Retail Site Operations

Electronic Cigarettes: Smoke and Mirrors?

At the last few industry events that I’ve attended the big news has been the introduction of electronic cigarettes and the related question of whether this is going to be the next big thing for the convenience store industry.

In case you are not familiar with them, electronic cigarettes are “nicotine delivery mechanisms”.  They typically are small tubes, some of them in the shape of a traditional cigarette, that contain a small vial of nicotine concentrate and water.  When the user inhales on the tube an electronic device heats the nicotine liquid into a vapor and the smoker (actually they are called “Vapers”) inhales the nicotine laced steam.  All that is emitted from the e-cigarette is a water vapor.  Some of the e-cigs are reusable and rechargeable with the ability to add new nicotine containers and others are disposable after two or three hundred puffs/vapes.

Proponents of the e-cigs say that there are several advantages to the electronic version over the traditional “combustible” version.  The first is that e-cigs are healthier than traditional cigarettes because the dangerous, cancer causing aspects of old cigarettes is due to the inhaling of the carcinogens created by the burning of the tobacco.  Nicotine, itself, is not a carcinogenic and, therefore, doesn’t cause cancer.  They don’t refute that nicotine is addictive – that is why many smokers have the urge to smoke – but that e-cigs are a safer way for people to feed their nicotine addiction.  They also claim that it will help people stop smoking by allowing them to reduce the amount of nicotine that they are consuming – similar to a nicotine patch.

The second advantage is that there is no passive smoking issue since the e-cig gives off water vapor and not carcinogenic smoke.  Therefore, their reasoning goes, e-cigs should be allowed in non-smoking areas such as buildings, restaurants and planes because it doesn’t have an adverse affect on bystanders.

The third advantage of e-cigarettes is that they are supposed to be fire safe.  Since there is no combustion there is no chance of starting a fire.

Because of all of the above, e-cig proponents say that e-cigs should not be regulated the same way as traditional cigarettes.  The restrictions on advertising and promotions don’t apply because they don’t do the same harm as conventional smokes.  They seem to agree that age restrictions should stay in place.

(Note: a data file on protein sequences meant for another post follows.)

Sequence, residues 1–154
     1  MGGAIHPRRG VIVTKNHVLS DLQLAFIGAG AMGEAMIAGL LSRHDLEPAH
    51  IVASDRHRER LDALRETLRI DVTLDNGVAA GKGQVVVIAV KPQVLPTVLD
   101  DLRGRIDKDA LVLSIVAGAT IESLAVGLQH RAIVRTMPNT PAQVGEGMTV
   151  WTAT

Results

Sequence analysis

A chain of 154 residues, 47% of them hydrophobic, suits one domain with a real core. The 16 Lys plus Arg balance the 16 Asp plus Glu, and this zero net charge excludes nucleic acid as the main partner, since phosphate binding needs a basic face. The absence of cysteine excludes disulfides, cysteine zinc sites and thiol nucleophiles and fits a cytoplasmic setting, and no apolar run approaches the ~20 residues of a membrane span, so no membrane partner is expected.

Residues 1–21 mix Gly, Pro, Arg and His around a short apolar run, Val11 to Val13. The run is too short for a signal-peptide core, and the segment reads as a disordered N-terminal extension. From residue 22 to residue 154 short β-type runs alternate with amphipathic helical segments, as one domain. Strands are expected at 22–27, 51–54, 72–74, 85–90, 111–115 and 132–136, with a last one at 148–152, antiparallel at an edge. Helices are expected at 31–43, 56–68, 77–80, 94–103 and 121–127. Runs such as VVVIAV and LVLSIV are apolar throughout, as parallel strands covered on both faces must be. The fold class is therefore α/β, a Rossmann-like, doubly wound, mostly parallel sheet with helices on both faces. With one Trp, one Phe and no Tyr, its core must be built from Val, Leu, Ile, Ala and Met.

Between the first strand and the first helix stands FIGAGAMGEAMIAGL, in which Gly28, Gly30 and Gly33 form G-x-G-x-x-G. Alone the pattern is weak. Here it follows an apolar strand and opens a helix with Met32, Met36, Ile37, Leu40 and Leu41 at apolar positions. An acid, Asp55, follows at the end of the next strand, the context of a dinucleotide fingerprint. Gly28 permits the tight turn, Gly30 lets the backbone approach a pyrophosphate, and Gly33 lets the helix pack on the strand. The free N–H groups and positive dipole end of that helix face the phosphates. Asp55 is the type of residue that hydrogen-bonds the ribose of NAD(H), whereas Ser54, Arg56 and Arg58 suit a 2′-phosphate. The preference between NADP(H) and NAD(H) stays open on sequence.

Opponents of the e-cigs have voiced the following points.   First, nicotine is addictive and that any device promoting nicotine is negative.  Second, that e-cigs are actually a gateway for teenage smoking.  Because e-cigs seem cool, teenagers are using them and they will gradually move up to traditional cigarettes and all of the public health issues that entails.  Finally, they say that the actual effects and consequences of e-cigs are unknown.  They point out that e-cigs have been around for such a short amount of time no one really knows what the short or long term health affects will be for those who use them.

So – electronic cigarettes: hot new category or electronic evil?  At the moment, they are legal to sell in the US and are not regulated.  The European Union has been going back and forth on the regulation issues and, at the moment, seems to be starting to put forth rules to regulate e-cigs the same as traditional ones.

My personal opinion is that we need to wait and find out more about the products.  I’m anti-smoking although I think adults have the right to choose to do so or not.  We sell them in our stores.  If e-cigs can provide all of the advantages that its proponents claim along with the nicotine high that users crave then I am in favor of selling them.  However, I feel that it is too soon to know and understand the downsides of the product.  We are now in an age of hyper-sensitivity to health effects (can you imagine someone introducing a “combustible” cigarette today?) and in an hyper-litigation society.  More studies need to be provided by neutral researchers.

The US government needs to get out in front of this issue and decide how to handle it. They need to brush aside the lobbying efforts on both sides and come up with a decision as whether e-cigs contain a health hazard.   If e-cigs are considered to be safe for public use then they need to set minimum standards for the e-cigs themselves so that consumers know that safe manufacturing specifications have been met.  Currently there are dozens of e-cigarettes on the market with many of them being imported from overseas.

If there is a legitimate way to help traditional smokers reduce their health risks then we need to go forward.